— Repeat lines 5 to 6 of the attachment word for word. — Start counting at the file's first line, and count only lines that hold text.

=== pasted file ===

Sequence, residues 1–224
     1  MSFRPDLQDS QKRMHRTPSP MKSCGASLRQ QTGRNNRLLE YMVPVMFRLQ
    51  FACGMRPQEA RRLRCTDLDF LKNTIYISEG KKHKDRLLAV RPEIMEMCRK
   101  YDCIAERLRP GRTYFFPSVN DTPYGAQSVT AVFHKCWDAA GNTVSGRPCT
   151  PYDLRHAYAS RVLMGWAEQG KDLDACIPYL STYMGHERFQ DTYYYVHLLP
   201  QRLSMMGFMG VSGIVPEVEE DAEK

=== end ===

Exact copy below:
   151  PYDLRHAYAS RVLMGWAEQG KDLDACIPYL STYMGHERFQ DTYYYVHLLP
   201  QRLSMMGFMG VSGIVPEVEE DAEK